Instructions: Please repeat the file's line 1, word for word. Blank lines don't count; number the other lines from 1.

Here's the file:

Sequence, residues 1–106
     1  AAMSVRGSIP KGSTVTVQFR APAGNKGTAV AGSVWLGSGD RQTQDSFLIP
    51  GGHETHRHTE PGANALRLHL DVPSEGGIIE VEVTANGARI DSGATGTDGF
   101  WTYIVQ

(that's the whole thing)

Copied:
Sequence, residues 1–106